It probably comes as no surprise that the residents of one of those older towns opposed his plans for developing a huge mixed use project on top of them. What amused me by his letter was his supremely self-confident abundance of ignorance about urban development and planning, and his faith in the “free market.”
It doesn’t take much study to discover that most old communities, both here and on the mainland, did not develop spontaneously with some unstated collective sense of place. They were settled by people, or chartered companies, that had definite plans for what would go where. The Europeans who flooded across North America were seldom without a well thought out plan for what their communities should look like. Where do you think all those town squares came from?
Europeans brought that same thinking to Hawaii, but found themselves confronted by even more well thought out urban and rural plans already in place. The kings and ruling elite of Hawaii had at least one thing down pat, and that was land use planning.
Modern urban planning simply codified what preceded it in ways that could more effectively accommodate changing conditions, including problems of developer greed that didn’t really care very much what was good for the greater community, and often caused almost irreparable harm to people and property. My guess is that the driving force behind the need to codify land use planning was the downside of the industrial revolution combined with the unrestrained growth of private enterprise based industrial/commercial development. I think we can see some of the same thing happening right now in places like China. In any case, our own treasured, and truly worthy, system of private enterprise has become enshrined as a “free market” that must somehow be embedded in the Constitution somewhere. But it’s become a bit idolatrous, and any criticism of it is too often rebutted by shouts of “communist,” “socialist,” or at least “radical left-winger nut.” It tends to shut off reasonable debate.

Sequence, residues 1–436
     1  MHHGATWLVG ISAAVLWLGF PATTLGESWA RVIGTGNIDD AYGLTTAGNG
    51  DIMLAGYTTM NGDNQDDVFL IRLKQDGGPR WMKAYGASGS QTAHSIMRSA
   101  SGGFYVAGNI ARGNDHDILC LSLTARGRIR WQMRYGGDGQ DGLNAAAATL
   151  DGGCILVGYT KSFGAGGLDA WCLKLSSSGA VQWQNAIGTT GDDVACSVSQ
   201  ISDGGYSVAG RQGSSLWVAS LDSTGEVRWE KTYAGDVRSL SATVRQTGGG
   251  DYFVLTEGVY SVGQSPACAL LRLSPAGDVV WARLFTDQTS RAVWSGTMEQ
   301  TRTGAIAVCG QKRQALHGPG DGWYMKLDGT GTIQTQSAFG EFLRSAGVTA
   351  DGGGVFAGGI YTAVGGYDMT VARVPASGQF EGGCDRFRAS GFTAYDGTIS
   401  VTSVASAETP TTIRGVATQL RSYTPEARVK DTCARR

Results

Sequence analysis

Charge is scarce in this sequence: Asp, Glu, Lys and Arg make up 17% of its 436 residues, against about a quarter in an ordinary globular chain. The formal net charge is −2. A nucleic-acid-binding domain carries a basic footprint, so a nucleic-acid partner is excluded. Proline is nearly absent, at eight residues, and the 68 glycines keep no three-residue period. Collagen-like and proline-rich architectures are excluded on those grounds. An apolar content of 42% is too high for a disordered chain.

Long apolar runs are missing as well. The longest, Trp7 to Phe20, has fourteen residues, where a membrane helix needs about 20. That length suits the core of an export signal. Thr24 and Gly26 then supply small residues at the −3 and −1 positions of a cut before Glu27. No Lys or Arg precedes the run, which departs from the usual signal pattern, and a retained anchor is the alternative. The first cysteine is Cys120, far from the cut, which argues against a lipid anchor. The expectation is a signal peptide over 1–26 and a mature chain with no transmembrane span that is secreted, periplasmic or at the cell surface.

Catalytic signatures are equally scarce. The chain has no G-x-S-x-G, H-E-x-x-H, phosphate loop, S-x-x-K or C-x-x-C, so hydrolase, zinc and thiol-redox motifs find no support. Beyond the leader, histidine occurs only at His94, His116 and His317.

The problem is that it is a very misleading myth. The myth that a free market can somehow make sound land use decisions makes two egregious errors. The first is that there is a free market. There isn’t. All markets are defined and regulated, at least in some sense, by government policy. That definition and regulation may give extraordinary privileges to developers, but those privileges come from government policy just the same. The second is the personification of that non-existent free market as a decision maker. The market is not a person and does not make decisions.
There is a second myth that is very strong in America, and that is the idea that “a man’s house is his castle” and that he, or she, can do whatever they want with it. Our ownership of property, and the rights that go with it, have limitations. We live in community and whatever we do with our property affects our neighbors. Likewise, whatever they do with theirs affects us. So communities need to come to some sort of agreement about the way they are going to live with one another. Moreover, we are never really the absolute owners of any property. We are merely the temporary stewards of it. Someone else owned it before we did, and someone else will own it after us. Regardless of whatever deed or paid off mortgage we may have, we have a greater responsibility to recognize our short time of possession as one of stewardship, and that means being responsible to the community and to those who will come after for how we exercise our stewardship.
I’m sure that the developer who wrote the op. ed. piece already knows all of this and was simply a bit careless in what he wrote.